Jean-Victor Poncelet

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The following article is from The Great Soviet Encyclopedia (1979). It might be outdated or ideologically biased.

Poncelet, Jean-Victor


Born July 1, 1788, in Metz; died Dec. 22, 1867, in Paris. French mathematician and engineer. Member of the Paris Academy of Sciences (1834).

Poncelet graduated from the Ecole Polytechnique in Paris in 1810. In 1812 he took part in Napoleon’s campaign in Russia and was taken prisoner; in 1814 he returned to France. He was a professor at the University of Paris from 1838 to 1848 and was director of the Ecole Polytechnique from 1848 to 1850. Poncelet’s principal contribution to geometry is his Treatise on Projective Properties of Figures, written while he was a prisoner of war in Saratov and published in Paris in 1822. In this work the projective properties of figures were treated for the first time as a special group and new methods of geometrical investigation were created. Subsequent use of these methods led to the development of projective geometry. In addition, a number of works deal with engineering mechanics and hydraulics; Poncelet developed an improved water wheel (Poncelet’s wheel) and introduced the kilogram-meter as a unit of mechanical work.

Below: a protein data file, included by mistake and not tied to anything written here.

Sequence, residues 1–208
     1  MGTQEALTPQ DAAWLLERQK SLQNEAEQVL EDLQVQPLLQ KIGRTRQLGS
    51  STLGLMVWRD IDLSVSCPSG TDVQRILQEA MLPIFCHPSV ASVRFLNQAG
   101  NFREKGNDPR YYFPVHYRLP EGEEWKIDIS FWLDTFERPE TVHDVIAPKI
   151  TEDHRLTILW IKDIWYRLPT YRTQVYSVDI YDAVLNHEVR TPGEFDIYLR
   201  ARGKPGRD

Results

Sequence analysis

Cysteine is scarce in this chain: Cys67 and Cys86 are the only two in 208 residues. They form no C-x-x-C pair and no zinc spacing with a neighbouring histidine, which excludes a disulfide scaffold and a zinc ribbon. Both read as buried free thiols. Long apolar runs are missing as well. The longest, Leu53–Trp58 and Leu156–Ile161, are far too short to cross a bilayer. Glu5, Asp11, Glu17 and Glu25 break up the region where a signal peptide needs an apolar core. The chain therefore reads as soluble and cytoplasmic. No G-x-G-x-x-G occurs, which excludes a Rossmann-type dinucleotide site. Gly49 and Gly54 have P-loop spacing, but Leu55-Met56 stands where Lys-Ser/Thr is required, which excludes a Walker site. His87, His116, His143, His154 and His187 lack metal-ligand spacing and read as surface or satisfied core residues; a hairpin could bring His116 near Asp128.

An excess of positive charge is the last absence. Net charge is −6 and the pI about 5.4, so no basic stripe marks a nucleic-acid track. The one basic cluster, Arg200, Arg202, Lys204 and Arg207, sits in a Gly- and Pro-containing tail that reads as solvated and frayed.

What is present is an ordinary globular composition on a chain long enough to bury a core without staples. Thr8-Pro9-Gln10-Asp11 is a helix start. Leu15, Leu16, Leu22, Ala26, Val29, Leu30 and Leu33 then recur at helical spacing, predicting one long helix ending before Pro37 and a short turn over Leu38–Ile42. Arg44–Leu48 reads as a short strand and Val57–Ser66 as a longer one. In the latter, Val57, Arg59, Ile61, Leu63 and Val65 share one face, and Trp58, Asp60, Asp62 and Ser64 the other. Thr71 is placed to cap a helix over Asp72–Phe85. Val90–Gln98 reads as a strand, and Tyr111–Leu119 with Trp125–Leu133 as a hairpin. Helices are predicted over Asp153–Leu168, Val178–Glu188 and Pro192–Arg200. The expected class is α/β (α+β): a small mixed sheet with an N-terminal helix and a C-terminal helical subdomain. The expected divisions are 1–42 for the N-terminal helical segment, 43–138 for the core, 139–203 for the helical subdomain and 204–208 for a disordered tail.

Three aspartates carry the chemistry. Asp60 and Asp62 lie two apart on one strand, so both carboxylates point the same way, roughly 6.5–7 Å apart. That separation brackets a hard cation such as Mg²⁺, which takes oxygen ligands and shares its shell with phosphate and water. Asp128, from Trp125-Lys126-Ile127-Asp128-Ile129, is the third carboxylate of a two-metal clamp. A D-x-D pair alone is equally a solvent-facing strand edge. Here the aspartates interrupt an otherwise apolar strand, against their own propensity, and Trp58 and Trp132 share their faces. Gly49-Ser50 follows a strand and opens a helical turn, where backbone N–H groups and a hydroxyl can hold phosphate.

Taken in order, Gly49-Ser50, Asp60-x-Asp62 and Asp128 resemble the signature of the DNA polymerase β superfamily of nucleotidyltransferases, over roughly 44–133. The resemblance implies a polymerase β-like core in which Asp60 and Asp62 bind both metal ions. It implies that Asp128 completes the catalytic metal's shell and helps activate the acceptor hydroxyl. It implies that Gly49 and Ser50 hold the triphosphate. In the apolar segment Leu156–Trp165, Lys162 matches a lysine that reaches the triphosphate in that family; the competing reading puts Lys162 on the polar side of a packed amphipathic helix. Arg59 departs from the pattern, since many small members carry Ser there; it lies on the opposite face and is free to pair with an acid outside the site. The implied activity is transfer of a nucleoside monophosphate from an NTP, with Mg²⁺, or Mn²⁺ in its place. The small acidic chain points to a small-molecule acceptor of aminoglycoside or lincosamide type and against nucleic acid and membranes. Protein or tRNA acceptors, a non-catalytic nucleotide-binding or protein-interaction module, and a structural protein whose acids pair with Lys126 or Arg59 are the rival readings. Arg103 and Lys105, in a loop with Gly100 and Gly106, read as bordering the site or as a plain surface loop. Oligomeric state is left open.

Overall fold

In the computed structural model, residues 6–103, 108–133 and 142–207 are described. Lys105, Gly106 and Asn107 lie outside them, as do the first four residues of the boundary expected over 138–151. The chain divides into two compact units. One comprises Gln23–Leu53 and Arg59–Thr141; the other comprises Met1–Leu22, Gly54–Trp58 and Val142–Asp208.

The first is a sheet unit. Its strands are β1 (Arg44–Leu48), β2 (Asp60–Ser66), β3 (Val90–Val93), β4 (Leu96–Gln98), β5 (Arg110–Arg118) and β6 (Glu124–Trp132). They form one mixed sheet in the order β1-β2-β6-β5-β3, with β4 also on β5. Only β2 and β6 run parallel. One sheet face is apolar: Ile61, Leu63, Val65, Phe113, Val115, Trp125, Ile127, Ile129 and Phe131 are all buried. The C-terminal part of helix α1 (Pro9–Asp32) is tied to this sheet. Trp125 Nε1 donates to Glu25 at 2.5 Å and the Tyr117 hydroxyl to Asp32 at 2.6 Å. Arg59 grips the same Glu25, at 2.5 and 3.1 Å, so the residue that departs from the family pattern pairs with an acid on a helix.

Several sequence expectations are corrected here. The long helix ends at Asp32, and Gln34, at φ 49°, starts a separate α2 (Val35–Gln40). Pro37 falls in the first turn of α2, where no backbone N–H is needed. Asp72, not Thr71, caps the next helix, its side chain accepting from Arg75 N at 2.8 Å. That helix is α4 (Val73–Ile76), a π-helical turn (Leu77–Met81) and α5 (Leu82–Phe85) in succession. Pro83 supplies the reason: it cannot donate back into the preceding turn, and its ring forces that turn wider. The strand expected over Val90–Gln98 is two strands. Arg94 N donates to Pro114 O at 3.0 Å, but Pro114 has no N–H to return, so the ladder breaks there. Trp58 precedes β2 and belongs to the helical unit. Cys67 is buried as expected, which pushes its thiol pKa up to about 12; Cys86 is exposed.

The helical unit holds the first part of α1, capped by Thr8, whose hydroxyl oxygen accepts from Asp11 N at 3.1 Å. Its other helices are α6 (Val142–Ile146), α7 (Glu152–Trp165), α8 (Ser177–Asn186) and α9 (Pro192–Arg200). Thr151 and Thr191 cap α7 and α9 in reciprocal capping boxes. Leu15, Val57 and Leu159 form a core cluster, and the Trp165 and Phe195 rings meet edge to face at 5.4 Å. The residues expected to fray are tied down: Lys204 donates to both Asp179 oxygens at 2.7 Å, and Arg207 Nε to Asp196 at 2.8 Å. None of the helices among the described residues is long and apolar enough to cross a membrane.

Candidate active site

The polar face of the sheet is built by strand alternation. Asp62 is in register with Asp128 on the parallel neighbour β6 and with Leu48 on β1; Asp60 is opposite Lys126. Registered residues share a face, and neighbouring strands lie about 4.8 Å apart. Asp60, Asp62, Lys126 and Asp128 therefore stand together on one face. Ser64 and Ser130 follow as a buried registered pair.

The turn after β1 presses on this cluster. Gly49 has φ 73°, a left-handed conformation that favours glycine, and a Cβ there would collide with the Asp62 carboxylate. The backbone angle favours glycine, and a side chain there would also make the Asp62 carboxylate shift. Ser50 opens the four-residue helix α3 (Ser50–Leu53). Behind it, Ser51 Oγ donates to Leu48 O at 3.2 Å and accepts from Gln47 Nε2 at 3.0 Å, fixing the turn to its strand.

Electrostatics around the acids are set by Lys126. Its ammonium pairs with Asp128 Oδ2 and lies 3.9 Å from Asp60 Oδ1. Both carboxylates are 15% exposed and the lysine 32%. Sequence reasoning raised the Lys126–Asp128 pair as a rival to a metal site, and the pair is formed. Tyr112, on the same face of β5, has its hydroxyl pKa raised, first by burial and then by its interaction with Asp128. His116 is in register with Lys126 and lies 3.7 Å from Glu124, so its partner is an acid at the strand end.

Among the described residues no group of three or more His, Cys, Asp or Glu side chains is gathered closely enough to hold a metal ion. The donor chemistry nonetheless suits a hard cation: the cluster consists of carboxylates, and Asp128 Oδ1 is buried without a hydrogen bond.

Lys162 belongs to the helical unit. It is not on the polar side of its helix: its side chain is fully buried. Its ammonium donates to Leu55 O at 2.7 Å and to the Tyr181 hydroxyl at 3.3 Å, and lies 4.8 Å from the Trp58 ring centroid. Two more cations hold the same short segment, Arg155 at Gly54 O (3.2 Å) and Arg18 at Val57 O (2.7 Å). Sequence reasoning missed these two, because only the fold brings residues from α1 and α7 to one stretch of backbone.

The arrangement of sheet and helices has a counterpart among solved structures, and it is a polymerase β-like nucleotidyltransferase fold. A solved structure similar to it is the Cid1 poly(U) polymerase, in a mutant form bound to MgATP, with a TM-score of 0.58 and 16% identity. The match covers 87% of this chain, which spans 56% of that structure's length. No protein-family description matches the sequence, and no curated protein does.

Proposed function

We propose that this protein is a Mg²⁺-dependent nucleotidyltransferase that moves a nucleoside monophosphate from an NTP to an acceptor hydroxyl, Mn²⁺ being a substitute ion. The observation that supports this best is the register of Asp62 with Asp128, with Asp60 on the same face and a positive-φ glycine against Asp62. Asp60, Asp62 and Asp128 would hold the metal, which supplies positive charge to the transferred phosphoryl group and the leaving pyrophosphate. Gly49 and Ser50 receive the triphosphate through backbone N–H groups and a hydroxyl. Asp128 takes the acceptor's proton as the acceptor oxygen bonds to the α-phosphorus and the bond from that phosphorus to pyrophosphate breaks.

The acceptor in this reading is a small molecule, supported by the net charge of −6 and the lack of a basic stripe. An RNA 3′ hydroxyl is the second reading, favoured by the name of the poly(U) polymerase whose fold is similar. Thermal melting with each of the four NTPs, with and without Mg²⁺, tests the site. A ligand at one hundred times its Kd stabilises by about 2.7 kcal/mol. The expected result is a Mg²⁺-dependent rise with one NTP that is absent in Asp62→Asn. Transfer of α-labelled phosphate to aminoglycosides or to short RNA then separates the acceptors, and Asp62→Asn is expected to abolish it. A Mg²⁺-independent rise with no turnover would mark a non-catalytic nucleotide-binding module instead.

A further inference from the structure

Traité des propriétés projectives des figures, 2nd ed., vols. 1–2. Paris, 1865–66.


Klein, F. Lektsii o razvitii matematiki v XIX stoletii, part 1. Moscow-Leningrad, 1937. (Translated from German.)
The Great Soviet Encyclopedia, 3rd Edition (1970-1979). © 2010 The Gale Group, Inc. All rights reserved.